Helena Lee, Classics (2000) and features director at Harper’s Bazaar, will be speaking at this year’s Oxford Literary Festival about her book East Side Voices, a bold first-of-its-kind collection of essays and poetry from the East and Southeast Asian diaspora living in Britain today. We asked her to tell us more about the book.
Can you tell us how your anthology East Side Voices came about?
I launched East Side Voices initially as a cultural salon at the Standard Hotel in London. It was launched out of frustration with the damaging representation of those of East and Southeast heritage in Britain – often objects of mockery, or written out of domestic dramas and news agendas completely. Asians are either the computer nerd, the villains, or the joke – like the silent girl in the film Pitch Perfect, never the lead, never a real three-dimensional character. This systemic lack of representation has meant there is an otherness to an Asian face, and therefore there is a huge empathy gap. This has been especially damaging during the pandemic. 33% of images used to convey news about the pandemic used images of East and Southeast Asians, and the anti-Asian rhetoric from people like Donald Trump stoked a culture of othering and real division. Violence against those of Asian heritage has been woefully underreported because news outlets don’t give it as much importance. So I wanted to amplify stories about British East and Southeast Asians and open people’s eyes with empathy and insight. The salon began with once-a-month meets with prize-winning authors and fashion designers, but then the pandemic came in, so it turned into an anthology of essays with writers contributing such as the actor Gemma Chan, the nurse and poet Romalyn Ante, former refugees, and the Costa Prize-winning poet Mary Jean Chan.
How do the stories explore questions of heritage and identity?
I gave each writer and contributor an open brief, but many felt that they wanted to explore a part of their story that was not often given air time. What resulted was a real spectrum of stories – from the ordinariness of a suburban upbringing, to the extraordinary scenes of love and divorce in Chinese households; how Filipino nurses have been forgotten, despite being more than essential, as part of the NHS, what the culture of casting is in the film industries for British Asians, the complications of being objectified as an Asian woman. They are all relatively heart-warming, yet sometimes uncomfortable, stories set within a British societal context.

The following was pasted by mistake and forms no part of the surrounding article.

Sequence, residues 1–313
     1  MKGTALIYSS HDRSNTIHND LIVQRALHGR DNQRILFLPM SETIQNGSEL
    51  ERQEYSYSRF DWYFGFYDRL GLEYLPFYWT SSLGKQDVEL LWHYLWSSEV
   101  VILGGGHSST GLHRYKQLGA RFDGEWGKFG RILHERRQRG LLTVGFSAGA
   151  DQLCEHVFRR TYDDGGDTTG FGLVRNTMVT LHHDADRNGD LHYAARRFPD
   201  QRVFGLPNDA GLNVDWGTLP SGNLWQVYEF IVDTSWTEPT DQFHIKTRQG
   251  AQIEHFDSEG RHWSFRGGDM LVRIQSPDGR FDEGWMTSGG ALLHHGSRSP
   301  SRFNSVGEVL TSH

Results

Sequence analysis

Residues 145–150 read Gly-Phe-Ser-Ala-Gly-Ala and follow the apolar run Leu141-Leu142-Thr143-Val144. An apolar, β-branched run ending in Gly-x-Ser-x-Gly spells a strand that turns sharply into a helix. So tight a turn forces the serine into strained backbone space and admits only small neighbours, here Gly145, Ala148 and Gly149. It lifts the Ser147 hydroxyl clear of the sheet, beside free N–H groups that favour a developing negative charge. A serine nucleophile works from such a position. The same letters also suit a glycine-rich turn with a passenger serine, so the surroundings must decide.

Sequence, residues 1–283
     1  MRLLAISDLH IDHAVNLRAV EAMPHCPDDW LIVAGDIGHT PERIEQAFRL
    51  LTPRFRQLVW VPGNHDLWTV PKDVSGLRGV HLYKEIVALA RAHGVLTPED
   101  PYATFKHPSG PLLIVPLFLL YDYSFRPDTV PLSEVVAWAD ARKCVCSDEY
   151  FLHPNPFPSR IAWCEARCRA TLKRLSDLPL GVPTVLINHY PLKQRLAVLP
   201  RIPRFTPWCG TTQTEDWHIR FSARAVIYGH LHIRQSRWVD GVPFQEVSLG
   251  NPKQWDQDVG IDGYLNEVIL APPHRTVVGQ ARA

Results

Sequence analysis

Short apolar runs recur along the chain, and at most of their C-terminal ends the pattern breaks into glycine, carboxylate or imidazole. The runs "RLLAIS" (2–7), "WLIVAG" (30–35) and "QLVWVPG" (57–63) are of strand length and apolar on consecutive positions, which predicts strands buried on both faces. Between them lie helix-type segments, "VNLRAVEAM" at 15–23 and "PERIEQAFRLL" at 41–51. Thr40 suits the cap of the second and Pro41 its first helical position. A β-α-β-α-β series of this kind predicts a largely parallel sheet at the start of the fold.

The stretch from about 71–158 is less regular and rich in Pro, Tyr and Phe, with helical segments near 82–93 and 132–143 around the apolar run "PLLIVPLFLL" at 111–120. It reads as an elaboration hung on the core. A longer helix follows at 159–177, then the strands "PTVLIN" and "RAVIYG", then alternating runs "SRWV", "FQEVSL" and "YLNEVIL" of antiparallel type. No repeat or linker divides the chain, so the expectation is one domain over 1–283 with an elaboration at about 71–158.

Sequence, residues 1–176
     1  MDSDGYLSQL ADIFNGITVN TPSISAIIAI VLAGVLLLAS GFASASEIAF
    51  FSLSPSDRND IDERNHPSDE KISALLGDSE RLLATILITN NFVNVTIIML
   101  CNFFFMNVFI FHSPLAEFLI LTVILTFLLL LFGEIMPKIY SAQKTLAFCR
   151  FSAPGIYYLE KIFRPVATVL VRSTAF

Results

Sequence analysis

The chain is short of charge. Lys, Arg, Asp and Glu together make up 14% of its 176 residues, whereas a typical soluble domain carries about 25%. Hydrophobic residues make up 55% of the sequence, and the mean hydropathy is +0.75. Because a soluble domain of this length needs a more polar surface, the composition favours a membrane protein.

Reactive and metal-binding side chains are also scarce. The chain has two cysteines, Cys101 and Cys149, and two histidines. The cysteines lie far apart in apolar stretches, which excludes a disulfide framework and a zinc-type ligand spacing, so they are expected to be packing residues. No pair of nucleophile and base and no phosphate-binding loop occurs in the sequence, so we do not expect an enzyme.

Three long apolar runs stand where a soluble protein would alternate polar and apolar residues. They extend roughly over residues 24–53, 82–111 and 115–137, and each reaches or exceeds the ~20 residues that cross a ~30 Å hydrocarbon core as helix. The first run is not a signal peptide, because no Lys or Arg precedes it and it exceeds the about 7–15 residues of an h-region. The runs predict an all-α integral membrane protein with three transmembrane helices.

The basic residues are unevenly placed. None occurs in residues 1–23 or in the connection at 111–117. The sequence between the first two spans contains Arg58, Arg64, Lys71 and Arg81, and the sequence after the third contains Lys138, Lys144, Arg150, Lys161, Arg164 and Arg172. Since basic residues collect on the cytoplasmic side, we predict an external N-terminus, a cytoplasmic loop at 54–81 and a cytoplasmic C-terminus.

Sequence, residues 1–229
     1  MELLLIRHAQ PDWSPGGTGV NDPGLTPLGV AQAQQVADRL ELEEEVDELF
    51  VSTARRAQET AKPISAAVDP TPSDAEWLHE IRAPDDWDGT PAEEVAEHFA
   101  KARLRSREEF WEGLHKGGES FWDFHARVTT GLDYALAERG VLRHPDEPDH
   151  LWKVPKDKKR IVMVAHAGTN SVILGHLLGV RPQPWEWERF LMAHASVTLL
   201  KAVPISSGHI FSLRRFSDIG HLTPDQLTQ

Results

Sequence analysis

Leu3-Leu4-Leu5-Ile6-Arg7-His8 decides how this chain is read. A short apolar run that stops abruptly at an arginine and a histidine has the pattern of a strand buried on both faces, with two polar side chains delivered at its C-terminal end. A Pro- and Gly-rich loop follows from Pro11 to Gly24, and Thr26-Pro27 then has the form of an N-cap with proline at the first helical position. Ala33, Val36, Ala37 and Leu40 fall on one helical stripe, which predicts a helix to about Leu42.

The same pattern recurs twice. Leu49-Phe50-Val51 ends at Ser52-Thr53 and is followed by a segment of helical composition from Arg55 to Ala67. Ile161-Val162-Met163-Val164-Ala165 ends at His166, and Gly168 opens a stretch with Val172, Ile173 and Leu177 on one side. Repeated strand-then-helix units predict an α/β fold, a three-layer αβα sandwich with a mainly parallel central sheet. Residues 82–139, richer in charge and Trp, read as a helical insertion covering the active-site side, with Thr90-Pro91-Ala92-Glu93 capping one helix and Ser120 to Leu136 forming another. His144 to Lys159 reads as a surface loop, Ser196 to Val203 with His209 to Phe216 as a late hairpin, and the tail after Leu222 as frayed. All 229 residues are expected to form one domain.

What was the biggest challenge for you in compiling this collection?
Editing the book at the same time as having a day job as an editor at Harper’s Bazaar and looking after two small children in lockdown.
And what was the biggest joy?
Bringing a community of incredible artists, writers, and practitioners together. There are also some very funny essays in there!
In what ways does your East Side Voices platform continue the work contained in the book?
We’ve been working with institutions, companies, and public bodies to amplify talent. We’ve recently featured at the Women of the World festival at the Southbank and worked with the palace on the inaugural reception for East and Southeast Asian communities, hosted by King Charles and the Queen Consort, helping support the inaugural ESEA literature festival in September in Foyles.
When you return for the Oxford Literary Festival, is there a special place in Oxford you plan to visit, which was a favourite from your time here as a student?
Having a sundowner outside the Beer Cellar looking out over the quad, legs stretched, was never a bad thing.
Helena Lee is the features director of Harper’s Bazaar, responsible for the magazine’s art and culture content, and co-edits the annual magazine Bazaar Art, which celebrates women in the art world. In February 2020, she founded the platform East Side Voices to raise the visibility of British East and Southeast Asian talent, and her book of the same name was published last January by Sceptre. She is a Platform Presents Playwright judge, a founding member of the Ginsburg Health Board, and a visiting lecturer at City University.